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What has come before

Oct 23, 20123 mins
IT Strategy

As I said at the outset, this blog covers enterprise risk management from a security POV.

It’s by no means our first foray into the topic.

Let me point to some prior coverage of risk management on CSO — articles that, together, provide a practical foundation.

1. Jeff Spivey (former President of ASIS, now affiliated with RiskIQ) provides a great, accessible overview of ERM.


“Companies are still confused by the terminology that’s being used. They hear ‘enterprise risk management’ and say, ‘Well, we have a risk manager so we’re doing that already’. But in fact they’re just doing the old traditional approach—transferring of risk by [purchasing] insurance. They may be involved in some risk identification or some claims analysis, but they really don’t know the full scope of ERM.”

(Side point, but I also love Spivey’s statement “I define a bureaucracy as any group larger than five people.”)

[Hey you! Get all CSO’s ERM coverage with our new CSO Risk Management newsletter. Sign up now!]

2. Here’s a practical approach, a grassroots way to get started with holistic risk management if your organization isn’t ready to go whole-hog with a formal framework like COSO.


“Beyond the specific business value you create [through this 6-step exercise], you will also lay the foundation for more interdepartmental communication and coordination. Security personnel will have more and better contacts within finance, marketing and other groups.”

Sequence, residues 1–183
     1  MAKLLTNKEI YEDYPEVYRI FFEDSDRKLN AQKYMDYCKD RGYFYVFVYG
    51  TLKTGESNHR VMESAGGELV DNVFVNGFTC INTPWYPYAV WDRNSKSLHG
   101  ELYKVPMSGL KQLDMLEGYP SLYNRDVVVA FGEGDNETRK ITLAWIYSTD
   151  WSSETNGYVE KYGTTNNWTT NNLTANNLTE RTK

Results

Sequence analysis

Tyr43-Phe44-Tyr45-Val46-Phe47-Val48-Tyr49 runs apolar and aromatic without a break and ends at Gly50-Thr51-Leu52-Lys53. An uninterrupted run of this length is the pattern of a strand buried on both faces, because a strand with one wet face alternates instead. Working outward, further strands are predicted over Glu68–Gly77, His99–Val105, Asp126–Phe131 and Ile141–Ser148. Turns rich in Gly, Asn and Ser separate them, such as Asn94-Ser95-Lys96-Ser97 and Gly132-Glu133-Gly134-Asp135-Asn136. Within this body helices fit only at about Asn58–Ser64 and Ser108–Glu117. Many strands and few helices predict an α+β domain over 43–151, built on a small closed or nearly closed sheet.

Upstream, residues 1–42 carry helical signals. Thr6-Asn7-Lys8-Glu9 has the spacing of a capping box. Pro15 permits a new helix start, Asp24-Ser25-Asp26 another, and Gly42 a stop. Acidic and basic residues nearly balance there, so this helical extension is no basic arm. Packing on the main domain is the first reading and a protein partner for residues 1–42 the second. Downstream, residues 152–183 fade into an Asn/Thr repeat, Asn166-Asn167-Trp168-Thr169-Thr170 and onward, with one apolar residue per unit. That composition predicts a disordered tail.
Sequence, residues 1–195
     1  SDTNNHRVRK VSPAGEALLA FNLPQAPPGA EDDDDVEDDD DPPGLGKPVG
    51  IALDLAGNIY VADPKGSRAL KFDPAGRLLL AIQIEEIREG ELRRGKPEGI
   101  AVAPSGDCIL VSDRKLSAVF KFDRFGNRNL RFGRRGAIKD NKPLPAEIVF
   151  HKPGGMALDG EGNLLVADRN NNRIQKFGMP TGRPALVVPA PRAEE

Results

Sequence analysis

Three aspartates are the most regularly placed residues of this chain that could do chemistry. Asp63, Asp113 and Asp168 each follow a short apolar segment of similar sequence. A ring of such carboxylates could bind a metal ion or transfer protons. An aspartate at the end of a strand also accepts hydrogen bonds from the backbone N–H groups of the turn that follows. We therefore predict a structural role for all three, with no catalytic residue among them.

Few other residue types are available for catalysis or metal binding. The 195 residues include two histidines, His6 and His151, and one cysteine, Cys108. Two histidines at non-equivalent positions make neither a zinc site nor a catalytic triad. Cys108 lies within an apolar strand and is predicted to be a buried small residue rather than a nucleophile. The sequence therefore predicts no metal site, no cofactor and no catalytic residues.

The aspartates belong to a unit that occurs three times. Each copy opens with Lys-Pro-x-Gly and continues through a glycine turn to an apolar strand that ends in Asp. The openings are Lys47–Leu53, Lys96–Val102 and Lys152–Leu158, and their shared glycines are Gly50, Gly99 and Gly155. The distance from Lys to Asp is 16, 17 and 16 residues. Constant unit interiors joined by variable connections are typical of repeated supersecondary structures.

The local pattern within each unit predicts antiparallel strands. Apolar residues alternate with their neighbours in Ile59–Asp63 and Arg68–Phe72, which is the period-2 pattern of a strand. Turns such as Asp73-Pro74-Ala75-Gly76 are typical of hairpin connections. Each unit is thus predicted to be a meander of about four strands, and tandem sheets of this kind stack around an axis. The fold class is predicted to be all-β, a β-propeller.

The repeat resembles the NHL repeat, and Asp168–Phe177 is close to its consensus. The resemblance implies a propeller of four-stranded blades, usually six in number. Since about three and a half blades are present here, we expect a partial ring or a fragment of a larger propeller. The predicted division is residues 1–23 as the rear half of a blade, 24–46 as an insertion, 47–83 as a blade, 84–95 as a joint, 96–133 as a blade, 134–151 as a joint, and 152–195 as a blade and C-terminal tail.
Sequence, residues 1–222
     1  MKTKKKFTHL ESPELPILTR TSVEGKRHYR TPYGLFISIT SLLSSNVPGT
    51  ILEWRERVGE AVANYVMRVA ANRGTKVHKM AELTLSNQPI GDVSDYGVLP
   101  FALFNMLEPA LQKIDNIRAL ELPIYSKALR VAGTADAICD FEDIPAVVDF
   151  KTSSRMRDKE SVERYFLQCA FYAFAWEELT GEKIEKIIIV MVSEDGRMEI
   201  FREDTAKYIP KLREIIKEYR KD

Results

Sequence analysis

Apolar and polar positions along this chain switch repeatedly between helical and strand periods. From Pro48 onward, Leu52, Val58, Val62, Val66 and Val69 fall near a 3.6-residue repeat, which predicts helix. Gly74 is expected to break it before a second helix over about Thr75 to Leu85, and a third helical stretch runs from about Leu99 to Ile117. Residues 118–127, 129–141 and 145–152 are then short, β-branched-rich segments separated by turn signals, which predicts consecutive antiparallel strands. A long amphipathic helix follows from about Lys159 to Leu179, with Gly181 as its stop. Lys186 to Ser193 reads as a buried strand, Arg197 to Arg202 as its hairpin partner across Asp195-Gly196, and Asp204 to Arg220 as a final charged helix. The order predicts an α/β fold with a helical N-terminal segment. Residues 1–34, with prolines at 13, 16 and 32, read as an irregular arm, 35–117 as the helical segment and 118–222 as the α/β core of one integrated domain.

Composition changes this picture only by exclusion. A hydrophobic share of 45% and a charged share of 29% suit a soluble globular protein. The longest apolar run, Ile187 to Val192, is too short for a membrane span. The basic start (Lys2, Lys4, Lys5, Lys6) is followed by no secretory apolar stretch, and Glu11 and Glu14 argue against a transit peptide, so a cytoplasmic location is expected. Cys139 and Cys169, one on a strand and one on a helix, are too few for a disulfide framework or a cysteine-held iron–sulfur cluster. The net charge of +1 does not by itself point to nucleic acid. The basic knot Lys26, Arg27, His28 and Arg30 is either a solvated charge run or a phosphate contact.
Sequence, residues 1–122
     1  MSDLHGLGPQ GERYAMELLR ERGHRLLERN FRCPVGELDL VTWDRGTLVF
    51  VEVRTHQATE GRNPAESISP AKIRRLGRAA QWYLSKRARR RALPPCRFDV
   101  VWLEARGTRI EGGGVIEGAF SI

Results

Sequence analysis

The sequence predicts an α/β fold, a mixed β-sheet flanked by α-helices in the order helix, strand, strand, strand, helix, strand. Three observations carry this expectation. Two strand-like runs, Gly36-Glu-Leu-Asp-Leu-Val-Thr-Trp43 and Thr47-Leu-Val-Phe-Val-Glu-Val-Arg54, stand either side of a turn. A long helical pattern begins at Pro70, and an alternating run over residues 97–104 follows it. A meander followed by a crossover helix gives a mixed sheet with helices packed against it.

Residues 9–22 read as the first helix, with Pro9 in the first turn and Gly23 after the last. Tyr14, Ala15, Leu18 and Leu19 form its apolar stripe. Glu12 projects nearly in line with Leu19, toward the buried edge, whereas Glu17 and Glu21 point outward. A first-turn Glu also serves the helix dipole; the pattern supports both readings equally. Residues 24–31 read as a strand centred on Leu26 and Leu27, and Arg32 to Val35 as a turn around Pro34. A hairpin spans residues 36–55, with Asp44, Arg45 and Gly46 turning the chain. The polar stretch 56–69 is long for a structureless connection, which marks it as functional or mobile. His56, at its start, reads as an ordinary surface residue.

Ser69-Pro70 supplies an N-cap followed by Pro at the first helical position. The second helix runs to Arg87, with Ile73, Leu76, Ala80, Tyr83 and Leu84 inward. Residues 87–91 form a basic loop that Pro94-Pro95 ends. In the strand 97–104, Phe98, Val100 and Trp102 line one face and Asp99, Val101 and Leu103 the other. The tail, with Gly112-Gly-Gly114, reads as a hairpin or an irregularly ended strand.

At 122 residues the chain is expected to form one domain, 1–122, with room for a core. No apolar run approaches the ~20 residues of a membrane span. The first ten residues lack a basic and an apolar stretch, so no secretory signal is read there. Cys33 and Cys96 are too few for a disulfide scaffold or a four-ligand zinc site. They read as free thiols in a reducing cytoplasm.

3. The article Organizing for ERM offers a deeper dive into how several large companies are structuring their risk management efforts.


“It’s about ‘helping people adopt and understand the risk posture of the executive management team, and then making sure we are consistently applying that level of risk management throughout the organization,’ says Synovus’ Jones. ‘Our job is not to eliminate risk but to manage it to the level of appetite that’s been accepted by top management.’ “

4. Hopefully you know your company’s “risk managers” – a title long in use in the insurance world. (Spivey refers to this function in the first article I linked to.) Here is a bit more detail: What are your risk managers thinking about?

Security is tasked with reducing risks; insurance policies “transfer” risks to another party, for a fee of course. Both tactics are key parts of ERM. [Note: This article requires CSO Insider registration, which is free.]

5. And lastly, here’s a look at how a university is translating risk management work into specific projects that increase both security and efficiency.

I could go on, but let’s keep this semi-digestible!

Next post will point to some indepth coverage of risk measurement practicqals, particularly in regards to IT. After that, we’ll charge forward with new interviews and observations from across the risk management spectrum.